There are multiple issues throughout the District.  The Facilities Committee has to look at all the issues.  The buildings are aging and things have to get done.  This project will take care of the elementary issue for 40 years.

Is it possible to add another wing onto Songo Locks School?  

The site is too stressed at the current time.  There is only one driveway entrance and exit; one gym; one cafeteria; and the gym is used full-time.  Another wing would compound the issues.

Janice Barter shared that it is expensive to add an additional driveway at Songo Locks School.  It is more cost effective to use the money for educational space.  The Board will address the driveway issue once the students have moved to Crooked River.

The White House building has been taken care of extremely well.  It only needs minor renovations so that the students don’t feel like they are in an old building.  The Alternative Education students were supposed to move back to the high school at some point.  Some adult education services will be housed in the White House also.  The Adult Education program wants to be located in Bridgton area where there are more resources.  They are currently looking for an appropriate site.  

There was a request to see the Long-Term Facilities Plan.  Taxpayers need to see the plan so they can buy into it.  The students all need the same educational opportunities.   There needs to be some kind of a group from all the towns to be sure there is a clear path.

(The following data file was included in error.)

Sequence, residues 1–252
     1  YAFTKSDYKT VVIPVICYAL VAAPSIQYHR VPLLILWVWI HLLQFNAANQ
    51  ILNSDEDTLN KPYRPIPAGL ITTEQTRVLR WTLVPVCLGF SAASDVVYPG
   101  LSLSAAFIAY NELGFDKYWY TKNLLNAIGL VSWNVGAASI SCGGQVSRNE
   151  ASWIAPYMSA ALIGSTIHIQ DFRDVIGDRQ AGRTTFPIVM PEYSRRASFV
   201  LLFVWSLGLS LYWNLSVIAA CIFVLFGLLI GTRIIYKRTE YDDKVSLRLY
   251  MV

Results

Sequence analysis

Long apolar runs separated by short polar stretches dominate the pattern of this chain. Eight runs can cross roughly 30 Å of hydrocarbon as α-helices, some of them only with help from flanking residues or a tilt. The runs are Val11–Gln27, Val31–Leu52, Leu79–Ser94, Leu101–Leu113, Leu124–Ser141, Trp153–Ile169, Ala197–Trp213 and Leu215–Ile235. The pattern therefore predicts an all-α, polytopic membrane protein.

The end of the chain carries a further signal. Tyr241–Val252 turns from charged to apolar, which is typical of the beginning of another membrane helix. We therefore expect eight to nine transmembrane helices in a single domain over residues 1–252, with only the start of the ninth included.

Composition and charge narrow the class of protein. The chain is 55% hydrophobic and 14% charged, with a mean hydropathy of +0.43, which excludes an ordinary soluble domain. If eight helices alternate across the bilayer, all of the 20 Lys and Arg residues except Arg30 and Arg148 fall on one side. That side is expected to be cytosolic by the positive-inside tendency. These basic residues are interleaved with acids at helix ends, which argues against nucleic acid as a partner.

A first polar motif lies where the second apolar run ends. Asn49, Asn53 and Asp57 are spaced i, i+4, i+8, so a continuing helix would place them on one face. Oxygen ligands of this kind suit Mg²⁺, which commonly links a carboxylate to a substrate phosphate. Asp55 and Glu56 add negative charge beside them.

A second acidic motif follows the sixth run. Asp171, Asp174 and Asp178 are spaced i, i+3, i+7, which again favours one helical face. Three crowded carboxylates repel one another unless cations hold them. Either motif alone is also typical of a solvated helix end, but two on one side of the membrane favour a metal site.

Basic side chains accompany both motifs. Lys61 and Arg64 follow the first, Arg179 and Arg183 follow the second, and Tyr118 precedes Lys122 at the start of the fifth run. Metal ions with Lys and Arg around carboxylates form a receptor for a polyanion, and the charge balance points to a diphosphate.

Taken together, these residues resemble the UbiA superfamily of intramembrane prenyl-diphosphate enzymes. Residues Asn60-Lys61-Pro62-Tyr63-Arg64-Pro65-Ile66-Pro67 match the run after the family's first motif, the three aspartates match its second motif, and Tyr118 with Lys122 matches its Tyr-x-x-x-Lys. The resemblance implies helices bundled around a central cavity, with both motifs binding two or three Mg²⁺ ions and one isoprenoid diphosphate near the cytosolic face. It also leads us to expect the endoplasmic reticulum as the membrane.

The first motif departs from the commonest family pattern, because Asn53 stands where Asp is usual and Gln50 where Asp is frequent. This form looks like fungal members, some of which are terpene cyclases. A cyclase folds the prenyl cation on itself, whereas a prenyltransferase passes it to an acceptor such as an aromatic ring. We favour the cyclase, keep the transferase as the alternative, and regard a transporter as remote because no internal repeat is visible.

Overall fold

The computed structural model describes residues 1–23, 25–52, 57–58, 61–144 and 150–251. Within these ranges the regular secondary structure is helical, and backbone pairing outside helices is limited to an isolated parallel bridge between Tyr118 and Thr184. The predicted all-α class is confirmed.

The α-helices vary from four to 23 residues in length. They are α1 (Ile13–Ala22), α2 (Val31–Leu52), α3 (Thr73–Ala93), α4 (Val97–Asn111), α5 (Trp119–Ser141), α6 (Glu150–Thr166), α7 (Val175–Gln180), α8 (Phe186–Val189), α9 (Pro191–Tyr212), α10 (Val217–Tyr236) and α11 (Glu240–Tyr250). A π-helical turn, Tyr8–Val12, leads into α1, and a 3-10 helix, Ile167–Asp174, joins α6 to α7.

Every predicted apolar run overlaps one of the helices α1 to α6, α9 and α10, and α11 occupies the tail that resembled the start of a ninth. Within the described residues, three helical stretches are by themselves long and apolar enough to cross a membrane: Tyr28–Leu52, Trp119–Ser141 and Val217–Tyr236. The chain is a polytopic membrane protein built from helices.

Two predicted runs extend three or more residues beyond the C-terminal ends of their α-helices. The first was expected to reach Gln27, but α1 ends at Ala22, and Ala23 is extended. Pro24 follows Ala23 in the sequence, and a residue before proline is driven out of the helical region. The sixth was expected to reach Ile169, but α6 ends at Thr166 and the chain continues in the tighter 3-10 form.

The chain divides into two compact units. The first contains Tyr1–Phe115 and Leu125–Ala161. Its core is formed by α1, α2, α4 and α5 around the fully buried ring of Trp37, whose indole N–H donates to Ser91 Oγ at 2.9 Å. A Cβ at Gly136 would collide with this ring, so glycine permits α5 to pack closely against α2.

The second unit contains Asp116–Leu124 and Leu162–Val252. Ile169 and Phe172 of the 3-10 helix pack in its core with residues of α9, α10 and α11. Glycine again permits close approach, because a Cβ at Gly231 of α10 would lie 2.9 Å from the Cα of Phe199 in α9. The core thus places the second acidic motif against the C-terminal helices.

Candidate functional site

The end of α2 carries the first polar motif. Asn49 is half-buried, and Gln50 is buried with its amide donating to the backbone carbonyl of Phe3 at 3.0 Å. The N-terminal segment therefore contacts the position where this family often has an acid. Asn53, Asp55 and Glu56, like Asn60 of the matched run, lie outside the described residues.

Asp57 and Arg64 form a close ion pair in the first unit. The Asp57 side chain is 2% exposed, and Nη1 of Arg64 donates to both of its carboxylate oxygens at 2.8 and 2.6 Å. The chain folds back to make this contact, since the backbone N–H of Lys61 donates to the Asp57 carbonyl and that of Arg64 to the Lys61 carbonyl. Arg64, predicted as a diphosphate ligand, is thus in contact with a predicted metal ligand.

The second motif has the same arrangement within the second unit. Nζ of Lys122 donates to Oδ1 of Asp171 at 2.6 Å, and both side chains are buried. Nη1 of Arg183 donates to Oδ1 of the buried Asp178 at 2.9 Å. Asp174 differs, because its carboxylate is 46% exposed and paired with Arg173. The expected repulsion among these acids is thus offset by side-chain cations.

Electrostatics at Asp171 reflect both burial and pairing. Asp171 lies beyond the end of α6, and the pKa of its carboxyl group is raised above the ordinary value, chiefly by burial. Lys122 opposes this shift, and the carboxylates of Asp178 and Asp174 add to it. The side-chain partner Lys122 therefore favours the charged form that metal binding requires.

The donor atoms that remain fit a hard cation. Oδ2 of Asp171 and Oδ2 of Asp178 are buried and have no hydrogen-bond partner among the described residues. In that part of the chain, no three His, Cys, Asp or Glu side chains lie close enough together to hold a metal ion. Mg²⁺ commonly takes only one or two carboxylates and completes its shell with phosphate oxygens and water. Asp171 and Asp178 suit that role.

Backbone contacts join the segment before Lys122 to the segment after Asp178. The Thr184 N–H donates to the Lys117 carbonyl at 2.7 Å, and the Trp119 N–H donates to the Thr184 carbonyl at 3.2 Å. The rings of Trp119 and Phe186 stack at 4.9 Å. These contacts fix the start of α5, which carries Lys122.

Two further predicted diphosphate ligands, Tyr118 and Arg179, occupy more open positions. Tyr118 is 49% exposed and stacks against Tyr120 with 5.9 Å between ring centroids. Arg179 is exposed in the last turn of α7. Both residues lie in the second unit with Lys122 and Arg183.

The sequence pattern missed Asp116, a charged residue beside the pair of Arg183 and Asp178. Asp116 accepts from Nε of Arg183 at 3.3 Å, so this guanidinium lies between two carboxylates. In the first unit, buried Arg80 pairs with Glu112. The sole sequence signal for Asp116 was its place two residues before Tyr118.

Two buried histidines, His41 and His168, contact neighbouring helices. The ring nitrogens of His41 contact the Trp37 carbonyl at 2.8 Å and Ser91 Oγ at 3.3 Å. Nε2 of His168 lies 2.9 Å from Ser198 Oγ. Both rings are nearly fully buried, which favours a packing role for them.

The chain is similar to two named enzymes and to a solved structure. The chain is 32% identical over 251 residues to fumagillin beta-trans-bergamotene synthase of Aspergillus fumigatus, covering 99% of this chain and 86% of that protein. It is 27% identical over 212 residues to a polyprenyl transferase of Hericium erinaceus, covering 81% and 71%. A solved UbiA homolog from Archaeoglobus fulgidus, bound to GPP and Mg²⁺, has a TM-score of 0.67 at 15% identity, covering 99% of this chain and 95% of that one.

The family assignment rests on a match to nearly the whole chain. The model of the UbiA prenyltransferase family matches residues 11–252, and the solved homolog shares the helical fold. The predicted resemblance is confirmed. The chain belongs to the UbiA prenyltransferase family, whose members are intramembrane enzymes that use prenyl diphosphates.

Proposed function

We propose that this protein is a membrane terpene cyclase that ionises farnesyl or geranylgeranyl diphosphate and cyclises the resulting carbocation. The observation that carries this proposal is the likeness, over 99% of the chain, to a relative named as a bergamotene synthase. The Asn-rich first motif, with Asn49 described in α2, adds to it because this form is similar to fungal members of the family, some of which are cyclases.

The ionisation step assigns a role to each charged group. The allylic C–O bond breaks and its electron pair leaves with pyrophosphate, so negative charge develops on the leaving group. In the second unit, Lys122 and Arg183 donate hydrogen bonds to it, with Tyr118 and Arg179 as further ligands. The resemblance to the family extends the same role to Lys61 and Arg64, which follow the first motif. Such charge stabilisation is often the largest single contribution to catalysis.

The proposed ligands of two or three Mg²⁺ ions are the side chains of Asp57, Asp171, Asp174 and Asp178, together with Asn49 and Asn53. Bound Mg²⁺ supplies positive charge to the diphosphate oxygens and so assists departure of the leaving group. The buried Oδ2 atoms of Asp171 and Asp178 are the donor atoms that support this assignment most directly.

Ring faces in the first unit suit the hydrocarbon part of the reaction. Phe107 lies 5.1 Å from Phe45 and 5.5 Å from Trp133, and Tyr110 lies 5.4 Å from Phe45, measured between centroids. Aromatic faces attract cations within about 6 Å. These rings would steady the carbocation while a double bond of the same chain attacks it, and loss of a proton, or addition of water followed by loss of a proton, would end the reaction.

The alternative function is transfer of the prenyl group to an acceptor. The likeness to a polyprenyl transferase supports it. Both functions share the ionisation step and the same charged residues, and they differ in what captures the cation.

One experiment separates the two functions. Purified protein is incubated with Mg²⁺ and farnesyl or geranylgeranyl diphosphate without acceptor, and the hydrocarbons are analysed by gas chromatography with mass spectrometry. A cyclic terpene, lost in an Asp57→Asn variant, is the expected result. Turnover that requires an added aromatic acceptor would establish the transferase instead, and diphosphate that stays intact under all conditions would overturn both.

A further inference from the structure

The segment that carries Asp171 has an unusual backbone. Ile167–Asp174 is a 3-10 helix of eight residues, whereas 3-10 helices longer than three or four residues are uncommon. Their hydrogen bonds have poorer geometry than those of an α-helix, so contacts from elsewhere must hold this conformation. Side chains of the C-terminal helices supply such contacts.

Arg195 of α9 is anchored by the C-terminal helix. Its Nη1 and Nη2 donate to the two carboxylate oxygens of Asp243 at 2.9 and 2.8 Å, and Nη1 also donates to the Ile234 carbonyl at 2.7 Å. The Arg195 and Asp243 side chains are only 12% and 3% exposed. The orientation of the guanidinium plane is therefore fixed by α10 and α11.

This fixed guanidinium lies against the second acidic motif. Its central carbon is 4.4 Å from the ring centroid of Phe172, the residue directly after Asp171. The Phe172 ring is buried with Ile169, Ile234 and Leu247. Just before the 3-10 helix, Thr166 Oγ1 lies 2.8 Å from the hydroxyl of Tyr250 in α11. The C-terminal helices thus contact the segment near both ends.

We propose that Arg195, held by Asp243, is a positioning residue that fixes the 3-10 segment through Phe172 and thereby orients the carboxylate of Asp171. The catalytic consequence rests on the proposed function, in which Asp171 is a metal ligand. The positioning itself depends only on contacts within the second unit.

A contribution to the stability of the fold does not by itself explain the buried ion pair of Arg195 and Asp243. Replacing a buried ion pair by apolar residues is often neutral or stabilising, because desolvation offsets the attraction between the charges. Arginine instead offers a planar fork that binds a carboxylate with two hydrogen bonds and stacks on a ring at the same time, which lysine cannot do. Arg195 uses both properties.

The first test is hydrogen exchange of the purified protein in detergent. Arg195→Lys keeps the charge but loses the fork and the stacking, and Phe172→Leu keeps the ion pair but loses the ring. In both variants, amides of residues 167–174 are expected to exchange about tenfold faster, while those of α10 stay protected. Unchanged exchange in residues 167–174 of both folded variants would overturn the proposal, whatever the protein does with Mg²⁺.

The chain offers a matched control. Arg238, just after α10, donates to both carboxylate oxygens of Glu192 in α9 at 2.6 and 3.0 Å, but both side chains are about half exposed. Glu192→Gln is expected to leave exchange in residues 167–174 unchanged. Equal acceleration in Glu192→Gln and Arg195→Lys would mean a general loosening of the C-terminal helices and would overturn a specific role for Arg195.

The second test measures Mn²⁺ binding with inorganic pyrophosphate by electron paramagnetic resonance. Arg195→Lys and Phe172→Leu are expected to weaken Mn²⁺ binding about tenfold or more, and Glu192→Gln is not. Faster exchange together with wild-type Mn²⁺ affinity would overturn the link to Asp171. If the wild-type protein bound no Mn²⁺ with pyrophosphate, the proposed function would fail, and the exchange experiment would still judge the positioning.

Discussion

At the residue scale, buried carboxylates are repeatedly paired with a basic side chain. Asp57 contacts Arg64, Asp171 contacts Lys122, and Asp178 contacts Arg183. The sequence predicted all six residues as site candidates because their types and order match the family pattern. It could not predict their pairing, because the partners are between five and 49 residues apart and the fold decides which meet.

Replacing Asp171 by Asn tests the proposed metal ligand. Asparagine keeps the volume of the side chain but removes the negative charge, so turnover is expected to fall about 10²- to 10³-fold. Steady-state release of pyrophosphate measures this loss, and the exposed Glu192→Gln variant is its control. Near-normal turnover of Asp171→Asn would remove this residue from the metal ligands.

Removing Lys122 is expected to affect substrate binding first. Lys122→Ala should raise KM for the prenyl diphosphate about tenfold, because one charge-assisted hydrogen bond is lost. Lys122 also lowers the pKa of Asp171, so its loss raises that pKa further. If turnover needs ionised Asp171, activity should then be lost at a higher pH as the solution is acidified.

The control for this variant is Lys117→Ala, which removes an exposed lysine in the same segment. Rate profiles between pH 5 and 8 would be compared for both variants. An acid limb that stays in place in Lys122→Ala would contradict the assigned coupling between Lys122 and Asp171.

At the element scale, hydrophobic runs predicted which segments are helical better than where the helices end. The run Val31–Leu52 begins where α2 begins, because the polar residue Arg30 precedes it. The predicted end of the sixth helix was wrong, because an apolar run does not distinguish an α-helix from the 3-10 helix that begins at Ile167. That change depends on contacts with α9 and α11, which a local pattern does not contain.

The vote is a week away.  We need to look toward the future for our children.  If we wait the cost will be more in the end.   

The project is too expensive, cannot support it.

The recent enrollment projections were not accurate.  Have they been looked at again and corrected?

The projections used were based from prior information.  The Superintendent was not confident in what was projected a year ago.   

Crooked River should have never been closed.  $300,000 for an auditorium is too expensive.  Some areas can be cut.

Look at previous quotes, get the kids out of Songo Locks next year.  Kids have a lot less at Sebago and they produce some of the highest achieving students in the District.  There is a better solution that is more cost-effective.

It’s the teachers that help the students learn, it is not the shape of the room.

Crooked River is the solution.  Hope the communities will support the project and start working towards the solution for our kids.

Repurpose the school and do the renovations for $500,000.